Tuesday, June 3, 2008

Finding Federal Contract Opportunities

Finding Federal contract opportunities is a challenge of its own, to say nothing of the bidding process and the complexities involved in performing and administering contracts.

FedBizOpps (http://www.fbo.gov) is the starting point, but by no means the be all and end all. Indeed, it's fair to say that many postings on FedBizOpps are not going to be realistic for most local small businesses to bid.

Some ideas for using FedBizOpps:

1) Jump right into the Advanced Search, because that's where you can narrow things down by Classification Codes or NAICS Codes.

One quick tip: in the listing of Classification Codes, you will see the Federal Supply Groups first (ranging from 10 to 99), but if you scroll all the way past 99, that's where the A to Z listing of Product Service Codes begins. It's all in one menu.

However, FSGs are mostly applicable to manufacturers and distributors. PSCs are largely applicable to service and construction contractors. Sometimes contracting offices throw service contract opportunities into FSG 99 - Miscellaneous, simply because there is no such leftover category on the PSC (alphabetical) side.

2) Use it as a telephone directory of contracting officers and contract specialists. Even if that particular opportunity is not geared toward you, ask the Point of Contact (POC) for that solicitation for the names of both their Small Business Specialist and their Small Purchase coordinators.

3) Look for sources sought notices. These are not immediate bidding opportunities, but instead a formal way in which Federal agencies might do market research. They are looking to see how many vendors, and in particular how many small business vendors, are out there that can complete the job as required.

4) Realize that many opportunities will only have a brief synopsis on FedBizOpps. The detailed solicitation packages may require accessing or even registering on another separate website, such as the Defense Logistics Agency (DLA) Internet Bid Board System (DIBBS), or Army Single Face to Industry (ASFI).

For more information on using FedBizOpps, please contact MO PTAC.

Monday, May 5, 2008

Small Business Week St. Louis Starts Today!

Small Business Week St. Louis officially kicked-off this morning with a breakfast event at the Sheraton Chalet Westport.

Right now there's a panel on "The State of Small Business in St. Louis" underway at Justine Petersen Housing & Reinvestment Corp.

And tomorrow is our usual MO PTAC seminar on Government Marketing Fundamentals, also part of the week's events. We are also participating in the U.S. Army Corps of Engineers St. Louis District outreach event to service-disabled veteran-owned small businesses on Wednesday at the Robert A. Young Federal Building, 1222 Spruce downtown.

Check out the full calendar of events, and sign up for some or all of them!

Tuesday, April 22, 2008

Getting Certified

Here at MO PTAC, we often get questions about getting certified as a minority-owned business or as a woman-owned business.

These can be difficult questions to answer. First, certification is no panacea. It should not be the primary motivation for starting a business. You have to show government buyers that you have the capability to get the job done -- that is first and foremost. That said, in some cases certain certifications may provide extra leverage in obtaining a contract or a subcontract.

All Federal agencies have goals for contracting with small businesses and with specified categories of small businesses, including Small Disadvantaged Businesses (SDBs), 8(a)-certified firms, Woman-owned, HUBZone-certified, Veteran-owned, and Service-disabled veteran-owned small business firms.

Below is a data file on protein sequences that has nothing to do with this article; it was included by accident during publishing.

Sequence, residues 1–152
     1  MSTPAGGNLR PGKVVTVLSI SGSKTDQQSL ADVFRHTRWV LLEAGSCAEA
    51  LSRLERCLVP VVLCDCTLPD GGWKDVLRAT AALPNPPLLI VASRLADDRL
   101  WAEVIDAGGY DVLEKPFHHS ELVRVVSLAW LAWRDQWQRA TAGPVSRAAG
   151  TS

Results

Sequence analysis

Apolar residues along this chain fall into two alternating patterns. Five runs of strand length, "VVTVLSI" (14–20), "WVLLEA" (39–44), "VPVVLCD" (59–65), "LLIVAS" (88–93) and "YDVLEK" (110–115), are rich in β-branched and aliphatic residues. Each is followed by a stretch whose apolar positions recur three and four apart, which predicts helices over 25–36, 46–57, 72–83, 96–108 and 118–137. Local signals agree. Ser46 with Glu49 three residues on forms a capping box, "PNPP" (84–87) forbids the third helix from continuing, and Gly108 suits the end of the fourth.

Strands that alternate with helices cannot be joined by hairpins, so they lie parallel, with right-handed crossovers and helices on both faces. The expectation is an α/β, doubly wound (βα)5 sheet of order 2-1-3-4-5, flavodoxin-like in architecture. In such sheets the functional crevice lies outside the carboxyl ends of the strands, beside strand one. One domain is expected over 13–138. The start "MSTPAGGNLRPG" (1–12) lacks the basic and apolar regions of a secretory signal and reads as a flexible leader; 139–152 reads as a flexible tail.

State agencies in Missouri, as well as the City of St. Louis, also have goals for utilization of Minority-Owned Business Enterprises (MBEs) and Woman-Owned Business Enterprises (WBEs). And transportation-related agencies such as the Missouri Department of Transportation, Lambert Airport, and Metro (Bi-State), have goals for utilization of Disadvantaged Business Enterprises (DBEs).

But you must be certified to "count" toward any agency's goals. These are not "quotas" nor are they (except in limited circumstances) "set-asides." Indeed, the largest set-aside program has nothing to do with minority nor woman nor veteran status.

That is the Federal small business set-aside provision, which requires that any Federal contract with an anticipated dollar value under the Simplified Acquisition Threshold ($100,000) but above the Micro-Purchase Threshold ($3,000), must be set-aside for competition only among small business.

However, that is no guarantee that your small business will get the contract!

The certification process itself typically takes months, requires pretty extensive digging into the financial background and position of the firm and of its owners, and may involve a site visit by certifying agency staff. Government certifications are for the most part free of charge, but commercial certifiers may charge a fee.

All in all, certification can be one effective tool for your business, but is not a guarantee of obtaining government contracts.

If you have questions about certification, please contact MO PTAC!

Friday, February 29, 2008

Networking Tools and Events

If you have a small business in the St. Louis area and you are interested in pursuing government contracts... well of course, you can become a MO PTAC client!

But you may also want to consider attending some networking events where government agencies and prime contractors have a presence, such as:

St. Louis Business Networking Breakfast
1st Thursday of each month
7:15 AM
JMRJ Catering
2800 Olive St. (Heritage House Apartments cafeteria)
Cost: $10

This is one of the premier networking events for small, women owned, and minority businesses in St. Louis: A great environment to network, ask questions, and conduct one-to-one meetings before and after informative presentations.